I can sympathize with author Miki Yoshikawa's dilemma. She was a lowly 23 year-old assistant on "Fairy Tail" when she got a chance to write a one-shot in 2005. Yoshikawa knocked it out of the park, coming up with a creative, funny scenario involving two oddball, likable characters in Shinigawa, the "Yankee-kun" of the title, and Adachi, the "Megane-chan". The bespectacled heroine tries to convince the school delinquent, camping out in the bathroom, to go on a class field trip.
After this initial success, Yoshikawa was offered her own series based on the one-shot in a popular magazine at only 24.
And what do you know; the duo went on more funny adventures, and new, amusing characters were introduced to the cast. The manga was well-received and its sales were excellent.
Eventually, however, she had run out of ideas for humorous adventures. And yet, every week, there was that brutal deadline for 20 fresh new pages. What to do? Canceling a popular series, especially the first hit for a young writer, was unthinkable. So she soldiered on.
Storylines were repeated. New scenarios were nonsensical pap that led nowhere. In an effort to break up the monotony, many new characters, including underclassmen, were introduced as the main cast aged.
They all invariably sucked, with each being an increasingly paler imitation of the main five introduced early in the series. But they weren't the only lousy ones. Instead of developing more personality and complexity, the central characters all became increasingly trite and one-note. For instance, Izumi by volume 14 was a bland, irrelevant character despite having been an amusing, colorful scene stealer when first introduced.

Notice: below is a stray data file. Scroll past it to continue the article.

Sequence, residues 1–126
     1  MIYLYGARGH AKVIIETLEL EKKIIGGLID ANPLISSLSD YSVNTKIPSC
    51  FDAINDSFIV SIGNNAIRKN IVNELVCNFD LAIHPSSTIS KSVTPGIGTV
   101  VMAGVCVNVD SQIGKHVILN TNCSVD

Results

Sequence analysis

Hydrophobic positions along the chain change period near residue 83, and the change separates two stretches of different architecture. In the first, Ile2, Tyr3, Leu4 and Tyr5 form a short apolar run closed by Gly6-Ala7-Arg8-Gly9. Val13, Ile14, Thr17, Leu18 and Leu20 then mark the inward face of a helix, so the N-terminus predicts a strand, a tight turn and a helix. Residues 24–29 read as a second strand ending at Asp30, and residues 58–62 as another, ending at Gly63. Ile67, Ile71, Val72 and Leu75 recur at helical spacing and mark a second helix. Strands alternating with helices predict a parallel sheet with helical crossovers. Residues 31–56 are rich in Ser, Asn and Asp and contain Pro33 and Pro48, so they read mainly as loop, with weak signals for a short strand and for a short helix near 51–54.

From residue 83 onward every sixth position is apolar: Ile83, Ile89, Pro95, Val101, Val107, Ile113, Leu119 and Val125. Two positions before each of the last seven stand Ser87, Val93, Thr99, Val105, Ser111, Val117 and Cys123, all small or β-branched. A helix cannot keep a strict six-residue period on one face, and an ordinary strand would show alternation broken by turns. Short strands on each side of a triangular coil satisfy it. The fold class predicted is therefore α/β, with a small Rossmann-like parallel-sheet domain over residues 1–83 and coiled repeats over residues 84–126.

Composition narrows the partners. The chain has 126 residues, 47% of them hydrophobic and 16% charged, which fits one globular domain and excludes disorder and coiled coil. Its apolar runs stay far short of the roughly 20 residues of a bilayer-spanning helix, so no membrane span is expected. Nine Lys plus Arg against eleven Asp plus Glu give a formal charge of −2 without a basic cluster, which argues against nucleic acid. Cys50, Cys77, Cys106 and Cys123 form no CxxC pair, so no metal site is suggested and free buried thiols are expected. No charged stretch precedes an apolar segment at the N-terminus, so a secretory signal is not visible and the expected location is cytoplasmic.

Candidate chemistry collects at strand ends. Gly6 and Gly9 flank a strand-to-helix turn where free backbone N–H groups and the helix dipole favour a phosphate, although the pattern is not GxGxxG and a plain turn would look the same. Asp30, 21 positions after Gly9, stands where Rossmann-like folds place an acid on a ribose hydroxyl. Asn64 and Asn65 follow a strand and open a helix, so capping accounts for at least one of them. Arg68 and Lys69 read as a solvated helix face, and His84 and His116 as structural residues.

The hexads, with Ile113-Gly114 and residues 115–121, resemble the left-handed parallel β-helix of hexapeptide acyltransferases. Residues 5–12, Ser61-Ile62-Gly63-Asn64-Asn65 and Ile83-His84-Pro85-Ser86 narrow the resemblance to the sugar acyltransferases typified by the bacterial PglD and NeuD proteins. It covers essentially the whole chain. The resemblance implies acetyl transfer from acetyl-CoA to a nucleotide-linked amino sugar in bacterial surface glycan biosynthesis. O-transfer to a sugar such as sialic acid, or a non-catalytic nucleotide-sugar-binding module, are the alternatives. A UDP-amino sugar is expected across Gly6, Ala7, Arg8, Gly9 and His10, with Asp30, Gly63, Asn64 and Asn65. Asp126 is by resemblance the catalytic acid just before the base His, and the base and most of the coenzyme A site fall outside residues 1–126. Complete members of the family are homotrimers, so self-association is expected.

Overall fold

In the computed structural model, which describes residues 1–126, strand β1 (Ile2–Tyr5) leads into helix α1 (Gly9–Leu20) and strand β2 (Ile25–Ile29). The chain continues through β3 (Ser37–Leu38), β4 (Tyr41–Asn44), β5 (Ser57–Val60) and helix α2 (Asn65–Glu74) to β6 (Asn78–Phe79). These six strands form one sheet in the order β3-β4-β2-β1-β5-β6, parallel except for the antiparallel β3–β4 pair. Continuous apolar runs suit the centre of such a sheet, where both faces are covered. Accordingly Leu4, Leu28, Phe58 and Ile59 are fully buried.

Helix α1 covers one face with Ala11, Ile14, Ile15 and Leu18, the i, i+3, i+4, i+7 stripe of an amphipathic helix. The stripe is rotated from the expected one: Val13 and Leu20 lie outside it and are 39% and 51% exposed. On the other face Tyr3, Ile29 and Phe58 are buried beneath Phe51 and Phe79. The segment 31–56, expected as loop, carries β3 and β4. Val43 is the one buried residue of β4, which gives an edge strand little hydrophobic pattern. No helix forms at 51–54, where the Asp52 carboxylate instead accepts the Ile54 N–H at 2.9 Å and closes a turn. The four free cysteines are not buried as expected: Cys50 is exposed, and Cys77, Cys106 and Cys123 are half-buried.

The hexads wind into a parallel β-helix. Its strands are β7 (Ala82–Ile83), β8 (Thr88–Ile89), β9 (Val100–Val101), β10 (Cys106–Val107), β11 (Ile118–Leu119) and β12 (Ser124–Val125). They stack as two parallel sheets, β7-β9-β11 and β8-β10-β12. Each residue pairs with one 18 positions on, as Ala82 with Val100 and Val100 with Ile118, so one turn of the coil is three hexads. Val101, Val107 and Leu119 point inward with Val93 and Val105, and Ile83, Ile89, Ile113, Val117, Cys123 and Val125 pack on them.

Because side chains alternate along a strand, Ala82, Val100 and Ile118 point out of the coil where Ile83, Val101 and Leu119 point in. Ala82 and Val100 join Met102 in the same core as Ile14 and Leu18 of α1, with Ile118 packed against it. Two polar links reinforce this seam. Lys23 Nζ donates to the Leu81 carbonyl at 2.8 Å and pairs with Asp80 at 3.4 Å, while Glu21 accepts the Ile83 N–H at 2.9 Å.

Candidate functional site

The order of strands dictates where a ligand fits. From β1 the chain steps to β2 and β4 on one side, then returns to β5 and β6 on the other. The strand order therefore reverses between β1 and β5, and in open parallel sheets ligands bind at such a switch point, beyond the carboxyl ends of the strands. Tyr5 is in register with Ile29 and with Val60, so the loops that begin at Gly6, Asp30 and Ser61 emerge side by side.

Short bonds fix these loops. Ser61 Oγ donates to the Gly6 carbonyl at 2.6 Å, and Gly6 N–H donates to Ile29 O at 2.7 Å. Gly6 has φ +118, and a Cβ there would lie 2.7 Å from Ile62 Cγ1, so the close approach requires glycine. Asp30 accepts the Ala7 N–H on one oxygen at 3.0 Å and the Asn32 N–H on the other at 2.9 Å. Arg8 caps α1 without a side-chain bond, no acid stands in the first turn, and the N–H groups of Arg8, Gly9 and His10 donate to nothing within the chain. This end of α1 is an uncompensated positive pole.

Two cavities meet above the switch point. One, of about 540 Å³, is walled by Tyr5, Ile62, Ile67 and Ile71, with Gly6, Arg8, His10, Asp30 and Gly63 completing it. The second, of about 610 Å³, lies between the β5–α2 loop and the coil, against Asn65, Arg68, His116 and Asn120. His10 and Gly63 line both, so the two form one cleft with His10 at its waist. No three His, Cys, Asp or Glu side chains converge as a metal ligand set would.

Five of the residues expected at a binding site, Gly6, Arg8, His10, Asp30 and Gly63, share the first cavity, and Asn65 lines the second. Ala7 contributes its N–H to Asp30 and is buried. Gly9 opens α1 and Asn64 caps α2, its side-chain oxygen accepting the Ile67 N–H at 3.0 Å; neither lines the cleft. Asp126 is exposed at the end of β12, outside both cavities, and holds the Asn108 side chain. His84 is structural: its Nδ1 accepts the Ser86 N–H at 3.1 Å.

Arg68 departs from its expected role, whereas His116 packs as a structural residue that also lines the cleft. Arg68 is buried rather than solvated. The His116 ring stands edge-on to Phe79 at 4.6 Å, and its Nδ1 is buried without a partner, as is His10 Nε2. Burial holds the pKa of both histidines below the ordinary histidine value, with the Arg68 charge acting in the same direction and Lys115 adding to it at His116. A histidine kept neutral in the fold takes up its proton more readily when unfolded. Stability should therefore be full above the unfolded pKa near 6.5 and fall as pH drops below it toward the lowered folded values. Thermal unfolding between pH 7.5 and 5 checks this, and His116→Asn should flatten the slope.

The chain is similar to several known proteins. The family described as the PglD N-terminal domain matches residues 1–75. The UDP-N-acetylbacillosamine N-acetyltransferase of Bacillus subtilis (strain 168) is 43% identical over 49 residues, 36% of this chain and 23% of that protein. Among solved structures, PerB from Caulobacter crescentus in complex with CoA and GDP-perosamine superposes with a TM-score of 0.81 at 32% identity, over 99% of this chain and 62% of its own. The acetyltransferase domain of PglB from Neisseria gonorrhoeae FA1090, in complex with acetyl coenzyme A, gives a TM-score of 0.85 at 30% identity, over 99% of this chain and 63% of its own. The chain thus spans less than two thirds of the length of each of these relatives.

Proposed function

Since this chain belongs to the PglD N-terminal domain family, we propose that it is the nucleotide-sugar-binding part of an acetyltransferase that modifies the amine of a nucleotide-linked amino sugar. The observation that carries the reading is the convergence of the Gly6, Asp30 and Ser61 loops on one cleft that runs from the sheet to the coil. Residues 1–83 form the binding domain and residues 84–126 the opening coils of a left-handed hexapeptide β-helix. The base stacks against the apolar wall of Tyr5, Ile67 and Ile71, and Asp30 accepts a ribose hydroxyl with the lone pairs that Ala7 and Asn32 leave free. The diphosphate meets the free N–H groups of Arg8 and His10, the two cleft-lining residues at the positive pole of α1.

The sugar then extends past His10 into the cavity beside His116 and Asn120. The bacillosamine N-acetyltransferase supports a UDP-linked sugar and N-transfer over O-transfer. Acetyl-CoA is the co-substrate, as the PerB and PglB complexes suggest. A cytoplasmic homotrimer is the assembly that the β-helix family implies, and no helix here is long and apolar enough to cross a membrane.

I noticed this very clearly. A manga that I would look forward to and laugh at gradually became dull when its plot holes and non-existent motivations weren't making it annoying. And as it continued to degrade further, it became outright torture to complete a chapter.
While many readers noticed this huge drop in quality beginning with volume 8 or so, many others continued to enjoy it.
However, it all come to a head with the manga's conclusion, one so dire, lazy, and insultingly stupid that even the most ardent defenders of the series cried foul. Personally, I could almost feel the author's hatred of the characters and desire to be rid of them. Having them all die in a tragic mercury poisoning accident after eating at the same sushi restaurant would have been more merciful than their actual fates.
If nothing else, the last 16 volumes of this manga indicate the flip side of any series attaining success. Namely, the unrelenting pressure to keep going. Yoshikawa should have never let it get to that point, but as a first-time writer, one can empathize with her plight.
My advice? Read the first 7 volumes, enjoy them, and pretend that's where the series ended.